Student-produced newscast named nation’s best

The Nov. 20, 2015, episode of "Centre County Report," hosted by Lauren Doyle and Tyler Feldman, was named the nation's best collegiate newscast. Credit: Penn StateCreative Commons

UNIVERSITY PARK, Pa. — A TV newscast produced by Penn State students was named the nation’s best — earning the equivalent of an Emmy Award for college television and maintaining a tradition of excellence for student-produced programming — during the 37th College Television Awards in Hollywood.

The Nov. 20, 2015, episode of “Centre County Report,” a weekly newscast produced by Penn State students, included segments about the local response to terrorist attacks in Paris, bomb threats at a local high school, a crackdown on “tourist homes” in State College and a one-on-one interview with Penn State football coach James Franklin. 

VIDEO Award-Winning Episode: "Centre County Report" (Nov. 20, 2015)

It was the second year in a row a student-produced show earned a top honor at the College Television Awards. Last year, a special, hourlong episode of “Centre County Report” was named Outstanding Magazine Show. This year, “CCR” finished second in that category with a special driven by an international reporting class’s trip to Hong Kong.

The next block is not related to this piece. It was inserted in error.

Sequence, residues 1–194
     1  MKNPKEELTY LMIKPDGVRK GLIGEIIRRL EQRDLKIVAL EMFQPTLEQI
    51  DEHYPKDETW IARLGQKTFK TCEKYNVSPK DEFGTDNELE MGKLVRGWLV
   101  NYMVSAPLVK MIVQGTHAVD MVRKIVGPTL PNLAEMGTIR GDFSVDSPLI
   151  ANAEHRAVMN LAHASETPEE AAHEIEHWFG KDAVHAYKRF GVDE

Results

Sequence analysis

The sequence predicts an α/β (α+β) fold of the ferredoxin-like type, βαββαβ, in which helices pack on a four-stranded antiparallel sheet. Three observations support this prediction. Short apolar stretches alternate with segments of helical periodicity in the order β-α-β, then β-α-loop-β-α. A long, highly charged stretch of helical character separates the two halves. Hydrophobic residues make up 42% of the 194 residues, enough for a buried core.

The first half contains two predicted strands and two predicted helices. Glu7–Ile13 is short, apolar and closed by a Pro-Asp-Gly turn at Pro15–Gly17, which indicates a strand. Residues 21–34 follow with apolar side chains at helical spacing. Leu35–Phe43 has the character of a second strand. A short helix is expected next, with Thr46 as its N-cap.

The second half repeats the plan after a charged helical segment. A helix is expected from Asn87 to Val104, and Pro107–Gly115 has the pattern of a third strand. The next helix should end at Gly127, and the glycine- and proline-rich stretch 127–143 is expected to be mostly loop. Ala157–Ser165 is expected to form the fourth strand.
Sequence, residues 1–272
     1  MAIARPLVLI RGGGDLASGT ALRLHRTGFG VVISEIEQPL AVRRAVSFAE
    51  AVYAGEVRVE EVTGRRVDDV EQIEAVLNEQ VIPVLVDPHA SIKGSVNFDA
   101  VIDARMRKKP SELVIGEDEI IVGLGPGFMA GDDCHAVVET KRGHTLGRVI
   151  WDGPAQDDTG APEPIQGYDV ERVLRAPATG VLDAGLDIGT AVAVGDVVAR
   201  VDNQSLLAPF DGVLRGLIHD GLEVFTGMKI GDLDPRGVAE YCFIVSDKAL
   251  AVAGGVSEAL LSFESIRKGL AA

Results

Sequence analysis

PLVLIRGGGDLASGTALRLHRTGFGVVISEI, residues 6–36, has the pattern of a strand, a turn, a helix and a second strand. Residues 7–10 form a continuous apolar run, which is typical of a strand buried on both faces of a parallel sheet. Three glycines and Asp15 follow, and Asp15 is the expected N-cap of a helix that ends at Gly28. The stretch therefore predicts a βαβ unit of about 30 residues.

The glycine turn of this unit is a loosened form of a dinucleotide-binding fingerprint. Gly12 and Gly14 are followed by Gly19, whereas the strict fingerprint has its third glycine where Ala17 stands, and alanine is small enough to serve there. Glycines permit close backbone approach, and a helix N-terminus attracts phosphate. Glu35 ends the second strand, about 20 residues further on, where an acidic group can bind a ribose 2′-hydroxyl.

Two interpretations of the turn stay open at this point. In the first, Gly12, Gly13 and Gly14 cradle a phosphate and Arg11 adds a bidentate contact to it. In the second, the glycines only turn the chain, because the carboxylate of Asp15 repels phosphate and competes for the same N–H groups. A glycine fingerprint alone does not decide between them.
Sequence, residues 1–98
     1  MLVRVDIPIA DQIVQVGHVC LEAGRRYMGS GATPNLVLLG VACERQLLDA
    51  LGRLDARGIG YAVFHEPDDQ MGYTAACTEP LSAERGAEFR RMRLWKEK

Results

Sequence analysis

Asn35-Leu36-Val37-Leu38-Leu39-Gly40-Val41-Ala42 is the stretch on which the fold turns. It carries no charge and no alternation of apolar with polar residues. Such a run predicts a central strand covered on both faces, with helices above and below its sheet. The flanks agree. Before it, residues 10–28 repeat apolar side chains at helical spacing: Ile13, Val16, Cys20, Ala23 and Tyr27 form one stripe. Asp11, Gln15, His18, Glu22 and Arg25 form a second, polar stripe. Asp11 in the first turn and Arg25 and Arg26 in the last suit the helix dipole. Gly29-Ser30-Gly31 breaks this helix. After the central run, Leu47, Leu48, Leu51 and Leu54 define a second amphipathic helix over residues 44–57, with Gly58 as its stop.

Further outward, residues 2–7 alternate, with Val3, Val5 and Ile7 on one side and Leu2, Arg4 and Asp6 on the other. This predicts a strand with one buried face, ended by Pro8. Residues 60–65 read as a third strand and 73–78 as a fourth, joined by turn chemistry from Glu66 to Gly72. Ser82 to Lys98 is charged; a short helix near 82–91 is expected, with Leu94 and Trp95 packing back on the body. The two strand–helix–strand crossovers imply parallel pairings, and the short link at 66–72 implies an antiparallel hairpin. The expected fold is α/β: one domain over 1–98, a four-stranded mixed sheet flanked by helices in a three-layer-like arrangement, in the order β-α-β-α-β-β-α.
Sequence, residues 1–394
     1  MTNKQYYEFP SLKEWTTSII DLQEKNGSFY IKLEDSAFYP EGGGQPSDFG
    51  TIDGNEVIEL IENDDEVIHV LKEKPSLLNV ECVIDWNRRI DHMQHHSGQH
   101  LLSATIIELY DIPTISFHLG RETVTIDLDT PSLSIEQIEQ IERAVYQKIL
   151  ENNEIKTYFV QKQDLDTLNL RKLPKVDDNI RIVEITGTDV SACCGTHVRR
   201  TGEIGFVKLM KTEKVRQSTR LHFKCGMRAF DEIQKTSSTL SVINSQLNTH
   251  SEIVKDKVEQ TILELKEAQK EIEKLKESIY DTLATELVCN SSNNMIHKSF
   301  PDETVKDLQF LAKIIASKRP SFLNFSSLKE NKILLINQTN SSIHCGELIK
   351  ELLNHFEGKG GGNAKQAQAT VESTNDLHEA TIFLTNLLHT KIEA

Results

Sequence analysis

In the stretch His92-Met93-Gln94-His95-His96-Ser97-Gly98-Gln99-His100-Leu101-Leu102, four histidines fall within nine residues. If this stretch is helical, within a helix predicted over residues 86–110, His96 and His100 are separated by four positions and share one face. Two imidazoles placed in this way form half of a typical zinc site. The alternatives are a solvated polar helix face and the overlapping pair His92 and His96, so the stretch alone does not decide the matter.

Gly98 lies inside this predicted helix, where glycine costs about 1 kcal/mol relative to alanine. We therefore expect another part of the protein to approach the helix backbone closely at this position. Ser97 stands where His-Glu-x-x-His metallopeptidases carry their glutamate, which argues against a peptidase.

The top-finish for newscast marked the third time in the past five years “Centre County Report” has been named the nation’s best by national organizations. In 2012 and 2013, the Broadcast Education Association named “CCR” the nation’s top college newscast, and the show finished second in that category earlier this year — maintaining a tradition of sustained excellence for student-produced programming in the College of Communications.

“Centre County Report,” produced as part of a capstone journalism course, expanded during the recently completed spring semester. Separate editions of the newscast air at noon Tuesday and Friday on Campus Cable. Those same newscasts reach 530,000 households in 29 Pennsylvania counties through of a partnership with WPSU-TV.

The Television Academy Foundation is the charitable arm of the Television Academy, which coordinates the Primetime Emmys. The foundation conducts an internship program, presents faculty seminars and provides college scholarships as part of its mission to preserve and celebrate the history of television while educating and inspiring those who will shape its future.

Ryan McManus was in Hollywood and accepted the award for "Centre County Report" on behalf of all the students who helped produce the award-winning newscast. Credit: Penn StateCreative Commons

Last Updated June 02, 2021